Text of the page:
The American programmer Richard Stallman had everything to succeed in the world of "traditional" computing and – probably – accumulate a fortune, like several of his contemporaries.
Graduated with honors from Harvard University, until 1984 he had a privileged position in the Artificial Intelligence Laboratory of the emblematic Massachusetts Institute of Technology (MIT).
However, he unexpectedly decided to turn his life around and promote a more altruistic cause: free software , through the development of the GNU operating system and the creation of the Free Software Foundation .
A bright young man
Stallman was brilliant. While still a high school student, he got a job at the IBM Science Center to write a numerical analysis program and a text editor. The following year, he developed a preprocessor.
While in his first year as a physics student at Harvard, in 1971, he became a hacker at the MIT Artificial Intelligence Laboratory, where he worked by maintaining the Incompatible Time-sharing System (ITS), the internal operating system.
In addition, he was highly accomplished in Math 55, considered Harvard's most advanced undergraduate mathematics course.
In 1974, he graduated with honors. And when he was pursuing his Ph.D. in physics at MIT, he chose to focus on his work in the Artificial Intelligence Laboratory, thereby defining his future.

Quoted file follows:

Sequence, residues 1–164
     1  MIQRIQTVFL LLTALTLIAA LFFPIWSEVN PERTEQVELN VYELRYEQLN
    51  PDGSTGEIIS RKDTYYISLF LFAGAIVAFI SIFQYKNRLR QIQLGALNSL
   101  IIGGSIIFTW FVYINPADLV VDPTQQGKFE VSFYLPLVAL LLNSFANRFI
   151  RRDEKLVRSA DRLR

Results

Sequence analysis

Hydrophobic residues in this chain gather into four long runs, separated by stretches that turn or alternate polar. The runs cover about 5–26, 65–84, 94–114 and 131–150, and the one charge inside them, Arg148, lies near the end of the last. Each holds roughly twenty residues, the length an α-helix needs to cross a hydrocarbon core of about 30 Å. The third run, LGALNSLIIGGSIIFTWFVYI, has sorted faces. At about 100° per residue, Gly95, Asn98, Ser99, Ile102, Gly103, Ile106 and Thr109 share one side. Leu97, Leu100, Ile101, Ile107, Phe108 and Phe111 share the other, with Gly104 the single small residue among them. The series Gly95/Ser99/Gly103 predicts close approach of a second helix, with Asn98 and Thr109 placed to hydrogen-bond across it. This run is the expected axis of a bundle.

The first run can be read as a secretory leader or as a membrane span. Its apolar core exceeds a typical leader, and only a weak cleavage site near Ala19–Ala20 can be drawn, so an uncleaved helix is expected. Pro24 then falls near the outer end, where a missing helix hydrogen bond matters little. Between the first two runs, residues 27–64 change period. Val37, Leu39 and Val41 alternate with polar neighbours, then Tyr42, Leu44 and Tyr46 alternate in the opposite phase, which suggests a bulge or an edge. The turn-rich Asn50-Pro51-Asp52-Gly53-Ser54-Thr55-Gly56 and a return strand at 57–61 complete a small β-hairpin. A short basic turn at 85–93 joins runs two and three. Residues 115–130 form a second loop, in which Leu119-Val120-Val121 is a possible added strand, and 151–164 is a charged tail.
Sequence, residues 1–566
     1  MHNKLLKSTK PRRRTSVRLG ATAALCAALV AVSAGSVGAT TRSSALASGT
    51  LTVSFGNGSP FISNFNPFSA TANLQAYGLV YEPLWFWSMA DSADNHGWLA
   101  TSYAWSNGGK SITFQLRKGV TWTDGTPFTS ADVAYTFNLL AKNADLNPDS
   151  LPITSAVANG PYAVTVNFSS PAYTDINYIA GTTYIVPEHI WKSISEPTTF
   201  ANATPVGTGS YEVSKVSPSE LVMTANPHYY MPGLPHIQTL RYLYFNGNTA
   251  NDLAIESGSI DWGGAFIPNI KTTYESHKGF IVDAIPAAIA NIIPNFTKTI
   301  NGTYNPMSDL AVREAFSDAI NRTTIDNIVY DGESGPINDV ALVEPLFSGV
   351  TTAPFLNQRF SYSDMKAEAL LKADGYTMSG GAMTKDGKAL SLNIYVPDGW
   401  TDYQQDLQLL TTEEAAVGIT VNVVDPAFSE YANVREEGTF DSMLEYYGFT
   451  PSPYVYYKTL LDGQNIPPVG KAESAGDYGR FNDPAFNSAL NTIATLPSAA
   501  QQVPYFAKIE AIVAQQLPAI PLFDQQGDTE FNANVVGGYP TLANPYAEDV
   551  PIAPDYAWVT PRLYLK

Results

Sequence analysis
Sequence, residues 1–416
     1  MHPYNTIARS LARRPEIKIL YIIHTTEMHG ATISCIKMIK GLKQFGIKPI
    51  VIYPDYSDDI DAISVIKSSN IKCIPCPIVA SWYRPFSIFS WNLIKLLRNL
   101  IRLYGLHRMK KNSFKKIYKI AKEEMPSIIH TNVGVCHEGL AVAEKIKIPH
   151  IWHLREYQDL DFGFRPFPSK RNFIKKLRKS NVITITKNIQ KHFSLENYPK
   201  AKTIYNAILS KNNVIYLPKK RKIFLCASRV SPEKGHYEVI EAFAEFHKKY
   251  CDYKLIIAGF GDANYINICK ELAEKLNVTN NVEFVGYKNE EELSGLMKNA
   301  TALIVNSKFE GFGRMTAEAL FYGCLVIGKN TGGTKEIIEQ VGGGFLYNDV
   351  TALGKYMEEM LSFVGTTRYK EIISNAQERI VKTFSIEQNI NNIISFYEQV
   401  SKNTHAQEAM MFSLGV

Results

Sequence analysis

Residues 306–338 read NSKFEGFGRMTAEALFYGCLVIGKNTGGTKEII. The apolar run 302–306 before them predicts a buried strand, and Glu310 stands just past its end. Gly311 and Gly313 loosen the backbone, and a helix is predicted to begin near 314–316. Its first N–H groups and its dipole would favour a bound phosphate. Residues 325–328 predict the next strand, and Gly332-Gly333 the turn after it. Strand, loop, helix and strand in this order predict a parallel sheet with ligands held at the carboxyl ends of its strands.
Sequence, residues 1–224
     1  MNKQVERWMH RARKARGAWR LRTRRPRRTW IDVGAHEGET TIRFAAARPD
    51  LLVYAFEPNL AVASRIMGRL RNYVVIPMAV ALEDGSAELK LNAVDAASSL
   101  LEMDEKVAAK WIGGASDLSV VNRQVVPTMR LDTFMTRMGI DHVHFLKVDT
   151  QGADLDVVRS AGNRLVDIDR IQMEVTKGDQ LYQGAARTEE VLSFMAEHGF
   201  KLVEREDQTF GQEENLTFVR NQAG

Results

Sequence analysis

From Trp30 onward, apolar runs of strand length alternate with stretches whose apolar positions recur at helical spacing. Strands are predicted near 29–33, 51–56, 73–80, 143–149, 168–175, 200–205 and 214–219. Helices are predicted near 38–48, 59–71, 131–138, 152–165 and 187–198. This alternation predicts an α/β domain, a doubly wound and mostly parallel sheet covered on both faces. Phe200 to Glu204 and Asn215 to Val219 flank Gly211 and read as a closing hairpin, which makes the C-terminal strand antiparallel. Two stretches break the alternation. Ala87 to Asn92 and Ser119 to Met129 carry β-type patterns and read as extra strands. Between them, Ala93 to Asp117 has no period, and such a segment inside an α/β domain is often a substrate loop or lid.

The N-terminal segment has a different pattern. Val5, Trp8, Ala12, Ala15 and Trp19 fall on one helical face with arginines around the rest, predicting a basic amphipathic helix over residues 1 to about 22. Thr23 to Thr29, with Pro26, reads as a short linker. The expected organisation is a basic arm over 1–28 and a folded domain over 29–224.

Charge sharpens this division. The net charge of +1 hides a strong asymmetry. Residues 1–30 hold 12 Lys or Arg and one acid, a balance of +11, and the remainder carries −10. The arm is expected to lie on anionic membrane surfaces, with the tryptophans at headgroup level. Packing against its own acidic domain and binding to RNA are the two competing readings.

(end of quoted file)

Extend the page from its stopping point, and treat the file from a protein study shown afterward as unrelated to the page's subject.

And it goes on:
The incident that detonated free software
At the end of the sixties, companies stopped distributing the codes of their programs and began to privilege copyrights and licenses; to restrict copying, proprietary software was becoming part of the norm.
Stallman had already protested against that. But an incident in 1980 with a Xerox 9700 laser printer finally convinced him of the need to promote free software: He was denied access to source code, which they had previously been able to edit to simplify work at MIT.
In this way, on January 5, 1984, he resigned from his job at MIT, with the aim of developing a completely free operating system.
From their point of view, users should have the freedom to share, study, and make changes to the applications they use. With that vision, he promoted the GNU project, a recursive acronym for GNU's Not Unix (GNU is not Unix), in reference to AT & T's Unix operating system , one of the most popular of the time.
Later, he published the GNU Manifesto and founded the Free Software Foundation, a non-profit corporation called to employ free software programmers and provide a legal infrastructure for the movement.
Today, GNU is part of multiple free distribution operating systems that are based on its initial components, the most emblematic of all being GNU / Linux .